As the collection and use of sensitive data become more widespread, many companies are prioritizing data security, making this a popular entry point into zero trust. Data security-focused safeguards such as cross-organizational data classification can help businesses quickly and systematically understand their entire data ecosystem, as well as the data security needs and relevant compliance standards of all data types. Data loss prevention (DLP) is another security technology that detects potential data breaches and ex-filtration and prevents them by monitoring and blocking sensitive data while in use, in motion, and at rest.

A Comprehensive Approach
Implementing an attribute-based access control (ABAC) model provides strong data security controls. It takes into account the attributes and characteristics of users, resources, and the environment to make real-time access control decisions. Using an ABAC solution, access control policies are defined based on a variety of attributes including user role, job title, department, location, time of day, and other contextual information. This robust, but flexible access control model allows organizations to implement easily customizable, fine-grained access control policies ideal for zero trust.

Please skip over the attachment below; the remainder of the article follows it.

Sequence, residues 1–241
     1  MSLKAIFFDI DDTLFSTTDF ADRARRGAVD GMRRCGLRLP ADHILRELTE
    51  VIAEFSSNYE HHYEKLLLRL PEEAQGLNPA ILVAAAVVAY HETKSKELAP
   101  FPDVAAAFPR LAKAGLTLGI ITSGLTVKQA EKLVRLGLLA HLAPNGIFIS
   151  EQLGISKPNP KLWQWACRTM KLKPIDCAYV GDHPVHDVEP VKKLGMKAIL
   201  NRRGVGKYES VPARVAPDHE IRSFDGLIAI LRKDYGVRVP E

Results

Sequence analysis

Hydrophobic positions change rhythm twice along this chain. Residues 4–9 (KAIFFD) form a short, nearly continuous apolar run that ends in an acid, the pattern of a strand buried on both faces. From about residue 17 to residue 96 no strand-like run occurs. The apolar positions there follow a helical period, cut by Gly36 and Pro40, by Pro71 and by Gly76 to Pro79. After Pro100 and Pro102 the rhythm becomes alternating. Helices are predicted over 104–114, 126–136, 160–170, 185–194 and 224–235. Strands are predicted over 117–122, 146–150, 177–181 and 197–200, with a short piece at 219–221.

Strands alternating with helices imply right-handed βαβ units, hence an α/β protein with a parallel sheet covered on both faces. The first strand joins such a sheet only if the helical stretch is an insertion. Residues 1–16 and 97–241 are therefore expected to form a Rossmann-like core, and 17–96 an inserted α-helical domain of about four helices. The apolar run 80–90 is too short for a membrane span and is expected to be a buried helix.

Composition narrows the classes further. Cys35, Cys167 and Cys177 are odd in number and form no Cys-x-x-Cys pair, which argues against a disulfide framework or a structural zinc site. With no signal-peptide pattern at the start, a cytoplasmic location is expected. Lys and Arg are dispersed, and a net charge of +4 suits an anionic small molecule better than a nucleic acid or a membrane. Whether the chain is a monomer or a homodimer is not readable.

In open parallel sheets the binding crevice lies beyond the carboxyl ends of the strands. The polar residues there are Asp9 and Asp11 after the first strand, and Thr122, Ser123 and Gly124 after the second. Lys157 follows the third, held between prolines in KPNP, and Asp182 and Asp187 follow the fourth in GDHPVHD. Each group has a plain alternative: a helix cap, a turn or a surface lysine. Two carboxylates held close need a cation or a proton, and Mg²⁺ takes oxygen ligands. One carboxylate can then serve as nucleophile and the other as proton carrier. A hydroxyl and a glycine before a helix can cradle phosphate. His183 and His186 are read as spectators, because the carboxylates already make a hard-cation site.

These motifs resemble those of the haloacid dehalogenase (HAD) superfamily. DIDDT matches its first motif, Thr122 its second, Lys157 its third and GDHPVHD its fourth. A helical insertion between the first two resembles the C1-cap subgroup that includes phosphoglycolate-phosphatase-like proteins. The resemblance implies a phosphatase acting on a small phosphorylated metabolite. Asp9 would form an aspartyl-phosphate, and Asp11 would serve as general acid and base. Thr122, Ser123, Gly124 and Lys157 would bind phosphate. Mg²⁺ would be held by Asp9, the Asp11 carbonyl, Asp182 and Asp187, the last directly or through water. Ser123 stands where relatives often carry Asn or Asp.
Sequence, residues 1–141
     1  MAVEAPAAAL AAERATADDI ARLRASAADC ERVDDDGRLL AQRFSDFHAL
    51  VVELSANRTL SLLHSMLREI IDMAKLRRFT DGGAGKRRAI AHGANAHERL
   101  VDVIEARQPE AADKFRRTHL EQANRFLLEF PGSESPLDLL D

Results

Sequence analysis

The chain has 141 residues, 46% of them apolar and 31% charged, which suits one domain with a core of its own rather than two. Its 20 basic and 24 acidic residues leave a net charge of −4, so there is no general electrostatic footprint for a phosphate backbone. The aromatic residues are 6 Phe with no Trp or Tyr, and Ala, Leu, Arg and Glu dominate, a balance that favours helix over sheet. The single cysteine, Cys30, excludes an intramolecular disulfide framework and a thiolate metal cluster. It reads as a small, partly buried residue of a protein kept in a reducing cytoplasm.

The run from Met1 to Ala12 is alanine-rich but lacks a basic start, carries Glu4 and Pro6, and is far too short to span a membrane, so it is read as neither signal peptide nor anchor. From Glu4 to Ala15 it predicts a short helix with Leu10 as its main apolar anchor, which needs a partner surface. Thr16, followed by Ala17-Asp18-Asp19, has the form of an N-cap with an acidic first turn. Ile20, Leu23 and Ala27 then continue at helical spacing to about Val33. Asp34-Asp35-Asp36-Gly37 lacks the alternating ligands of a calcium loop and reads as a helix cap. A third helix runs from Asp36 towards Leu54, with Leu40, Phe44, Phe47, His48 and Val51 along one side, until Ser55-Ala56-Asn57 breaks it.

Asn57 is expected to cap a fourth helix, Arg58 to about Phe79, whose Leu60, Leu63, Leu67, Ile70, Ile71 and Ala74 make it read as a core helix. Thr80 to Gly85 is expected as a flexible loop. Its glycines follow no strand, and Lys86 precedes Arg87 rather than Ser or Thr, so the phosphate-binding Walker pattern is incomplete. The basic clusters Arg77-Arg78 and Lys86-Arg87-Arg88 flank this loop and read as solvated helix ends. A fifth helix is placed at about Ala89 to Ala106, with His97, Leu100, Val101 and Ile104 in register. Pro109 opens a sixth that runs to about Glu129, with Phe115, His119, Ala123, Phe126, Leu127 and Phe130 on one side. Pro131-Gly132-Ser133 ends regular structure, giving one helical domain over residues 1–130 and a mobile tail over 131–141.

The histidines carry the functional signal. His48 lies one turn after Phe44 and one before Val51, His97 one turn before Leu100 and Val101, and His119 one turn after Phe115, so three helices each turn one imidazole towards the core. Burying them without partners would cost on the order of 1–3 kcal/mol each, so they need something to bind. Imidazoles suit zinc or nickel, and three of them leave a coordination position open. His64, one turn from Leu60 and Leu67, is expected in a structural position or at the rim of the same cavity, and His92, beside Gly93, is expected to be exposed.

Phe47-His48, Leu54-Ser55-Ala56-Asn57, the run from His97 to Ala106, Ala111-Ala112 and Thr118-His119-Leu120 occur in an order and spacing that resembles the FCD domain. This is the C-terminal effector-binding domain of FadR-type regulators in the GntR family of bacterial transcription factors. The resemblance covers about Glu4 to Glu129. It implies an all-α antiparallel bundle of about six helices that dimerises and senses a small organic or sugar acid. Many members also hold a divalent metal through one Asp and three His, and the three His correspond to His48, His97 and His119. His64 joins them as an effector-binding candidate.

Assess Your Available Attack Surface and Existing Security Tools

Once you’ve identified your starting point, the next step is to determine where you’re most vulnerable. Attack surfaces could include sensitive data, critical applications, and physical assets such as point-of-sale (POS) systems or internet-of-things (IoT) devices. Evaluate how well your existing security tools support zero trust principles and identify existing security gaps that require the acquisition of new tools and technologies to address.

Identify and Implement New Security Tools

With technology needs defined, it’s time to identify the tools required to support your zero trust objective. Implementing a comprehensive solution such as a data security platform can help your organization achieve its zero trust goals faster. A robust security platform will allow you to automate attribute-based access controls (ABAC), sensitive data discovery, data monitoring, and more.

Author a Zero Trust Policy